“Shoreline Symmetry” features the work of Karen Hochman Brown, an artist who makes mandala-like works that begin with photographs she spins and adorns into digital prints mounted on aluminum. Layer upon layer of detail come together to make one image. She meticulously alters light and shadow to create an illusion of depth.
The inspiration for this works comes from her childhood in her mother’s garden, when she held her first kaleidoscope up to her eye. She now uses computer software and hardware to replace the simple handmade kaleidoscope of her youth. She turns, layers and spins her photographic reflections, brightly illuminated by her computer monitor. No longer restricted to a three-way reflection or a flat mirror, her artwork plays in the realm of infinite images.
Her passion for art began in her early primary school years. In high school, she discovered geometry and began fusing mathematics with her artwork, exploring intersecting circles and patterns. To the artist, there was a distinct and immediate marriage of mathematical precision and aesthetic beauty. After she received a B.A. in Art from Pitzer College in Claremont, she continued to study math and did post-graduate work at California College of Arts and Crafts, creating a course titled Construction Geometry via Art that she taught at Arts Magnet High School in Oakland and at the Waldorf School in Altadena.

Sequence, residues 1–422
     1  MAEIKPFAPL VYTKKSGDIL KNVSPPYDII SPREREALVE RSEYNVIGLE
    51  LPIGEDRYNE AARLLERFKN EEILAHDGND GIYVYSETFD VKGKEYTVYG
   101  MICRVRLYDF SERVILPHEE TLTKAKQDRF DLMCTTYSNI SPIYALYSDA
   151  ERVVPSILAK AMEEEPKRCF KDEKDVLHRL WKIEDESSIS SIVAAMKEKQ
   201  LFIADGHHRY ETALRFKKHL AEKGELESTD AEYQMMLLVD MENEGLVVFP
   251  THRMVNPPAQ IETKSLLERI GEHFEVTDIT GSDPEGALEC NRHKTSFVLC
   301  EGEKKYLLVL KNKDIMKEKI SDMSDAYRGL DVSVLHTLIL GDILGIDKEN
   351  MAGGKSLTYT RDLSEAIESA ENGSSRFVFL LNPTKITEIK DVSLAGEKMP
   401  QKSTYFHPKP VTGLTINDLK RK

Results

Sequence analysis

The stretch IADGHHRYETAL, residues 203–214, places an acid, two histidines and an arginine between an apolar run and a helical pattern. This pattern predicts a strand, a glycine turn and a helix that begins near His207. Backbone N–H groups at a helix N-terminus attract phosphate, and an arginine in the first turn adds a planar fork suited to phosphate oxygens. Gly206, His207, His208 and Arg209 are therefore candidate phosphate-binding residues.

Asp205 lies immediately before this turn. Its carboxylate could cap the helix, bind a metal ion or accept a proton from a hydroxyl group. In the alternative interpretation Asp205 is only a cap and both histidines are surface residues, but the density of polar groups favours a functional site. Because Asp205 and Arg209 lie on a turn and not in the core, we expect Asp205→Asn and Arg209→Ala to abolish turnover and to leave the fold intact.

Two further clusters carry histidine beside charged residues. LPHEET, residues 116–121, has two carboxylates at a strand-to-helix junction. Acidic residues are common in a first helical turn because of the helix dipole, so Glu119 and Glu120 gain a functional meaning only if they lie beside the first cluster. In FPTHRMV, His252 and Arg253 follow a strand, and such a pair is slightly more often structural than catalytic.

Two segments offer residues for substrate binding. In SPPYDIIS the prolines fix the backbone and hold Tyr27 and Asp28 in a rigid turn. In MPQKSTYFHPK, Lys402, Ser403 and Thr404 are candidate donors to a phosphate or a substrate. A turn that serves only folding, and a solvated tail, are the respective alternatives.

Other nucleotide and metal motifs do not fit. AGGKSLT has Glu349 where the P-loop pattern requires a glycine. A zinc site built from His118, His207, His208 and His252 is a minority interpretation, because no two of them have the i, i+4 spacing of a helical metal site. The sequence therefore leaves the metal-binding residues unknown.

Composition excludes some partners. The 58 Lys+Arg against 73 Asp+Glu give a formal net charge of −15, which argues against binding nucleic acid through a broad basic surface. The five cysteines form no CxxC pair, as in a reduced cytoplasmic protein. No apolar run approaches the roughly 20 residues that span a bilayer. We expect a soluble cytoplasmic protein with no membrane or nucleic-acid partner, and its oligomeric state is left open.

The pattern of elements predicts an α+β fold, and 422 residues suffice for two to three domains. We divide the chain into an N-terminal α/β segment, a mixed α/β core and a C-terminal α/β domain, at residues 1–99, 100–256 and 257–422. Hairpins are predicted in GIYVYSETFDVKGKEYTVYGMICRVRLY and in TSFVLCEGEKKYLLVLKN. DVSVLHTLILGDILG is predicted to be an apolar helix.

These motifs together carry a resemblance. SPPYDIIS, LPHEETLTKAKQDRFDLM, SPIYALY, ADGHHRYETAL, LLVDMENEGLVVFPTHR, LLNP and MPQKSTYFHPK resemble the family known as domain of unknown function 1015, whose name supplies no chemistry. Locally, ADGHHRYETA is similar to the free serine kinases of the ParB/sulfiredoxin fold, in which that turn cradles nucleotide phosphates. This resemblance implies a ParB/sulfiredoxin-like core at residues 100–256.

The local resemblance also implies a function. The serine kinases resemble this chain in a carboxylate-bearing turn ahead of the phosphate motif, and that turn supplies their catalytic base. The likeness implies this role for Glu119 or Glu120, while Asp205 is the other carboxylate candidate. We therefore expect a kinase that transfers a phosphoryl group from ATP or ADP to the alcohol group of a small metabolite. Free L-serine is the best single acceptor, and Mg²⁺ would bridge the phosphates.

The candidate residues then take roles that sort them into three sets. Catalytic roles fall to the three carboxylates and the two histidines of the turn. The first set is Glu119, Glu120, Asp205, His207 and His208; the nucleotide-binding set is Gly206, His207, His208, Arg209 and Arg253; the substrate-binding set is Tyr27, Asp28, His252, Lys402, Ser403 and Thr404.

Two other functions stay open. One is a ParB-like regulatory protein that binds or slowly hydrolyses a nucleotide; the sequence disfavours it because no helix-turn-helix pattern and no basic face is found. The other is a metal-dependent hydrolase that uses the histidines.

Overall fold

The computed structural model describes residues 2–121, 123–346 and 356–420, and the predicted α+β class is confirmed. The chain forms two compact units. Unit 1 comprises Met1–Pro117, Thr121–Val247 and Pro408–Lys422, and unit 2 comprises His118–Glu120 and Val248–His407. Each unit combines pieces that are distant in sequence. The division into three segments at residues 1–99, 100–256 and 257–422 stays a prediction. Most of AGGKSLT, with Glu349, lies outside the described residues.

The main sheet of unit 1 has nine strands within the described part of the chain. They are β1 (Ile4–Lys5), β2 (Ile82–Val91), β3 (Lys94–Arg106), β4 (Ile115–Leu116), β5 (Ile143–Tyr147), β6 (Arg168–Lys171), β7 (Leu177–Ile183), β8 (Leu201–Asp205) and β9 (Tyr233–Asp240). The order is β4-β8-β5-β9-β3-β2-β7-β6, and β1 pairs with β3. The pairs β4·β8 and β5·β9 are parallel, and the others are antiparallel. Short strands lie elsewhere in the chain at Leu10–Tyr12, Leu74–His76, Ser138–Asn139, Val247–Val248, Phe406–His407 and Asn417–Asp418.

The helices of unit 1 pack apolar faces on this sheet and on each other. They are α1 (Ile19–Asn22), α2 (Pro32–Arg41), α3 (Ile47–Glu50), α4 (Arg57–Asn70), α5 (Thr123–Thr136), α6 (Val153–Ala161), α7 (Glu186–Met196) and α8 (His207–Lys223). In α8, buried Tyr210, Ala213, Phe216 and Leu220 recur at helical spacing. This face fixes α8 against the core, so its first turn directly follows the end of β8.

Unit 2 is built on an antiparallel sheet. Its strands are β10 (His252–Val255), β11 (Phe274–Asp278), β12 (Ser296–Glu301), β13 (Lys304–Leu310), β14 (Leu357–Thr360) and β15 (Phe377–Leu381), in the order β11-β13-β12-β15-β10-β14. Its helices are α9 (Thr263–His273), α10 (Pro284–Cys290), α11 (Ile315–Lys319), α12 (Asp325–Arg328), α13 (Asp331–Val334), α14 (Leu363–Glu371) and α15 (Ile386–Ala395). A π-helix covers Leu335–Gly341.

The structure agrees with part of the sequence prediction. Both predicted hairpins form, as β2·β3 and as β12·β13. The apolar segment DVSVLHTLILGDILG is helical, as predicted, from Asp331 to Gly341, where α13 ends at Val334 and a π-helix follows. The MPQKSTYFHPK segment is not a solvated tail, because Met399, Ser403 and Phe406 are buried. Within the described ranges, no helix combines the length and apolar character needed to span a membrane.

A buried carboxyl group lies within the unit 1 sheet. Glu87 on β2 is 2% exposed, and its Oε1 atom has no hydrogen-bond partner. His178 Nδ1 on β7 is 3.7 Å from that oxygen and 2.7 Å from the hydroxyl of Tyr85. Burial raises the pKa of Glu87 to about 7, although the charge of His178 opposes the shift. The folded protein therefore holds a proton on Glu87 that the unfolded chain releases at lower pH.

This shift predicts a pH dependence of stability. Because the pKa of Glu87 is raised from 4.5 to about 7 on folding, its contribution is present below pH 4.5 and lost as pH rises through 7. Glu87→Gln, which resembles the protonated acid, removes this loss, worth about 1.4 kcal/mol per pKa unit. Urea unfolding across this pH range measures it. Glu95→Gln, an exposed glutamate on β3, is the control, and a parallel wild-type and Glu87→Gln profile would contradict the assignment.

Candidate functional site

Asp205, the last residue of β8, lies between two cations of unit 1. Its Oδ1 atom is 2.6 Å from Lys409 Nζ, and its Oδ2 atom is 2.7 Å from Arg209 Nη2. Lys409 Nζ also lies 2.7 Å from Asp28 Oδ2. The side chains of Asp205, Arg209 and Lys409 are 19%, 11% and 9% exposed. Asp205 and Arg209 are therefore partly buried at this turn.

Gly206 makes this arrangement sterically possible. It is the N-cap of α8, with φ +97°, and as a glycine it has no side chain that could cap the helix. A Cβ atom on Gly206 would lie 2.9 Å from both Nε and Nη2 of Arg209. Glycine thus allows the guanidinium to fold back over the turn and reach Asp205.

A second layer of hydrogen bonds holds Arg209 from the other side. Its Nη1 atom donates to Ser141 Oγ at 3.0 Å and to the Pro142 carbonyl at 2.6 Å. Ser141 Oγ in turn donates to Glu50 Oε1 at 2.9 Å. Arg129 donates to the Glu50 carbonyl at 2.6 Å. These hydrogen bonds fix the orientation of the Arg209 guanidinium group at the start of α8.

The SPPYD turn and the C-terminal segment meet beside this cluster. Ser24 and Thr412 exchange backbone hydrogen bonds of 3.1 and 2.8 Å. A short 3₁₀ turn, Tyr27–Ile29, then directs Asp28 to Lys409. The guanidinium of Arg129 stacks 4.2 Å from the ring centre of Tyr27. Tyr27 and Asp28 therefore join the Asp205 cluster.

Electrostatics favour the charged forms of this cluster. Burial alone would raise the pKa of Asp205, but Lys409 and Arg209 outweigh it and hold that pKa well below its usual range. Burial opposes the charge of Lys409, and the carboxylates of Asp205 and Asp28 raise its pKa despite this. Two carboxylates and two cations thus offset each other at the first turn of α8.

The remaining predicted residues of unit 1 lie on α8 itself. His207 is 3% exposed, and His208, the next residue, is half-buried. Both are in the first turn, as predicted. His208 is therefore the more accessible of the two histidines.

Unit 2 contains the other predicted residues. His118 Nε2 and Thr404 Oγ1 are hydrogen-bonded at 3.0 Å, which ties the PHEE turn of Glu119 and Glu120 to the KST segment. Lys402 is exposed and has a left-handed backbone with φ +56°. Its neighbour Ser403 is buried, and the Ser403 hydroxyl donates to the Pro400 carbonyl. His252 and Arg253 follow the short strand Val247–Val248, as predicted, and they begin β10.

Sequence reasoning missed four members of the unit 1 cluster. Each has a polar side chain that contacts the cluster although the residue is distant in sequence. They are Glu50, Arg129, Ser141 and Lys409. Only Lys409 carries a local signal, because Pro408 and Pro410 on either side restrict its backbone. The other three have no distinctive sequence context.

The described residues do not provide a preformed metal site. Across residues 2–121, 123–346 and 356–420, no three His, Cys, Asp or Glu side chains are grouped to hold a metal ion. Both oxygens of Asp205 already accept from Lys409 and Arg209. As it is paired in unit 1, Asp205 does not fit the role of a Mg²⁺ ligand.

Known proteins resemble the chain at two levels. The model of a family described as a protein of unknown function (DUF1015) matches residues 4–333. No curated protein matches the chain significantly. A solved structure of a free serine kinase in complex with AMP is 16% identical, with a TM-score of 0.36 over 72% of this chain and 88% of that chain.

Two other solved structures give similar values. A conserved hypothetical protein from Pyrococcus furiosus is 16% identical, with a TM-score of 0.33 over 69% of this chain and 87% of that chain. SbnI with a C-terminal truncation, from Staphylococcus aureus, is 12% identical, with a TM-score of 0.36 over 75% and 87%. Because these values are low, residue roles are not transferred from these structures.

In 1984, after buying her first Macintosh computer, she further tightened the role and interconnection of art and math via the medium of technology. She went back to school again, taking classes at UCLA and Art Center College of Design, to study computer-based graphic design.
The exhibit will be available for viewing during all events at The MAIN, as well as Tuesday through Friday from 1:00 p.m. to 5:00 p.m. The community is invited to meet the artist and enjoy light refreshments at an art reception on Thursday, April 19, 2018 from 7:00 p.m. to 10:00 p.m.